OLD JEWS TELLING JOKES (First Run Features): The title tells all in this amusing, light-hearted compilation taken from the on-line series, featuring 18 older Jews (men and women both) sharing their best — and worst — jokes. Some are funny, some are not and one or two are just awful. That’s part of its simple charm. **’½ “
PARKS AND RECREATION”: SEASON 1 (Universal Studios Home Entertainment): Once a Not-Readyfor-Prime-Time Player on “Saturday Night Live,” Amy Poehler graduates to prime-time player (and producer) in all six episodes from the 2009 season of the NBC-TV sitcom about the antics of midlevel government employees in a bucolic Indiana burg. This boxed set retails for $29.98, and is being released to coincide with the second-season premiere.
THE RAZOR’S EDGE (Twentieth Century Fox Home Entertainment): Director Edmund Goulding’s 1946 adaptation of the W. Somerset Maugham novel is high-toned Hollywood soap opera starring Tyrone Power as a war veteran who embarks on a spiritual journey to find inner peace and self-knowledge. A little leisurely paced in the early going, but gets better and stronger as it goes along. Fine performances down the line: Anne Baxter, Gene Tierney, Clifton Webb, Herbert Marshall (as Maugham) and a brief cameo by Elsa Lanchester. Baxter won the Academy Award as Best Supporting Actress, with additional nominations for Best Supporting Actor (Webb), Best Art Direction/Set Decoration and the big one, Best Picture. ***’½
ROY ROGERS DOUBLE FEATURE (Alpha Home Entertainment): A selfexplanatory twin bill ($7.98 retail) of Westerns starring Roy Rogers, both directed by Joseph Kane: Southward Ho (1939) marked Rogers’ first on-screen teaming with George “Gabby” Hayes; and Song of Texas (1943) features Barton MacLane and Sons of the Pioneers.
STREET FIGHTER: THE LEGEND OF CHUN-LI (Twentieth Century Fox Home Entertainment): Kristin Kreuk plays the title role in this slick, senseless combination of mysticism and mayhem, set in Hong Kong and based on the Capcom video game. A few laughs at the outset, but after awhile simply a bore. The befuddled cast also includes Neal McDonough, Chris Klein (especially befuddled), Robin Shou, Moon Bloodgood and Michael Clarke Duncan. Rated PG-13 (also avail-
‘ stolen diamond and a runaway Pullman able in an unrated edition). *
“TEENAGE MUTANT NINJA TURTLES”: THE COMPLETE SEASON 8 (LionsGateHome Entertainment): For those who can’t get enough, the heroes in ahalf-shell return in all eight episodes from the 1994 season of thepopular animated series. This DVD retails for $14.98.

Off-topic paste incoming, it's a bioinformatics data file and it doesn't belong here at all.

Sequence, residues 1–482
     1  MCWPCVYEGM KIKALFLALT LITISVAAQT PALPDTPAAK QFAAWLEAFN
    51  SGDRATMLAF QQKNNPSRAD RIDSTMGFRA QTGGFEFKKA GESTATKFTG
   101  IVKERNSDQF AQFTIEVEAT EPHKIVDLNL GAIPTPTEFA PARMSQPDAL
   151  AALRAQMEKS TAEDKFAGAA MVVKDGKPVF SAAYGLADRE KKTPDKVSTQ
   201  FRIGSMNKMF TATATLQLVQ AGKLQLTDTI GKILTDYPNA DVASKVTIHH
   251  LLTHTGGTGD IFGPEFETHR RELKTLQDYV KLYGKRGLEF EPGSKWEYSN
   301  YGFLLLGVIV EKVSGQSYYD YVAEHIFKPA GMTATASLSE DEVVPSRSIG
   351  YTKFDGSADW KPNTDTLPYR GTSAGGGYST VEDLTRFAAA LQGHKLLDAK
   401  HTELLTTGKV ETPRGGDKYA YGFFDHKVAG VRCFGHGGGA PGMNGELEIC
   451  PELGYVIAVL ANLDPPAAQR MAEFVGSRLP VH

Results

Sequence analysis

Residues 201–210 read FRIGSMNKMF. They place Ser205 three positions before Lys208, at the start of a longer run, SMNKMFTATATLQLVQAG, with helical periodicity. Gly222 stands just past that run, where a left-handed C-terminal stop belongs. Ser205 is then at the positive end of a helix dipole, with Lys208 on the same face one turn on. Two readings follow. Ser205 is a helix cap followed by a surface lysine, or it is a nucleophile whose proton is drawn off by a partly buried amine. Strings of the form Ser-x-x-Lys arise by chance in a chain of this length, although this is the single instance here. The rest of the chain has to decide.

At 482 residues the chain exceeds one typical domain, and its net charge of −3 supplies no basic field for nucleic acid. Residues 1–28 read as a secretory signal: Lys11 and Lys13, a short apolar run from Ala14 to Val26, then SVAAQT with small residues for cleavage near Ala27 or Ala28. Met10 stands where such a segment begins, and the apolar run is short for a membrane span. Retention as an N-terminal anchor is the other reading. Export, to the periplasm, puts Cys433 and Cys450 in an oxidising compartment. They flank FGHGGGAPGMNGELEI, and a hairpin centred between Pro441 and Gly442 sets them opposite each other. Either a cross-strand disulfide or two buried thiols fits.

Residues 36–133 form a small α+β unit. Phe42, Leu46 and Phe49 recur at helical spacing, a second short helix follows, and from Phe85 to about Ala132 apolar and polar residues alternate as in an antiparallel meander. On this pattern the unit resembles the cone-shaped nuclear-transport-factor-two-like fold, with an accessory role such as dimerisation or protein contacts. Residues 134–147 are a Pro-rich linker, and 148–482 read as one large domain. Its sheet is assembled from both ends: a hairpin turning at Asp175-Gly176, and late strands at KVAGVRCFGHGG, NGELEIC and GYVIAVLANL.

“THE TRIANGLE” (LionsGateHome Entertainment): Executive producers Bryan Singer and Dean Devlinalso earn a story credit for this award-winning sci-fi mini-seriesabout the mysteries surrounding the Bermuda Triangle. An allstar castincludes Sam Neill, Eric Stoltz, Catherine Bell, Lou Diamond Phillips,Bruce Davison and Charles Martin Smith. Two Emmy nominations, with awin for visual effects. This two-disc boxed set retails for $26.98.
ULYSSES (LionsGateHome Entertainment): Dino De Laurentiis and Carlo Ponti produced this1954 spectacle starring a bearded, brawny Kirk Douglas in the titlerole of the fearless hero immortalized in Homer’s The Odyssey. SilvanaMangano (Mrs. De Laurentiis in real life) plays both the sorceressCirce and Ulysses’ wife Penelope, with Anthony Quinn as one of her moreruthless would-be suitors. Campy but fun, the highlight being Ulysses’battle with the giant cyclops, Polyphemus. Seven (!) screenwritersincluded Ben Hecht and Irwin Shaw. **’½
WILD WEST DOUBLE FEATURE (AlphaHome Entertainment): Roy Rogers saddles up for a twin-bill ($7.98retail) of Westerns: Man from Cheyenne (1942) co-stars Gale Storm andthe inimitable George “Gabby” Hayes; Night Time in Nevada (1948) seesRogers joined by his trusty steed, Trigger, as well as Andy Devine andGrant Withers.
“WORST WEEK”: THE COMPLETE SERIES (UniversalStudios Home Entertainment): Kyle Bornheimer and Erinn Hayes play acouple that’s engaged, expecting a baby and trying to win over herparents (Kurtwood Smith and Nancy Lenehan) — in all 16 episodes fromthe 2008-’09 (and only) season of the primetime CBS-TV situation comedybased on the acclaimed British series “The Worst Week of My Life.” Thistwo-disc boxed set retails for $29.98.
To comment on this story, send your e-mail to:email@example.comMark Burger can be heard Friday mornings on the “Two Guys Named Chris” radio show on Rock-92.
Copyright 2009, Mark Burger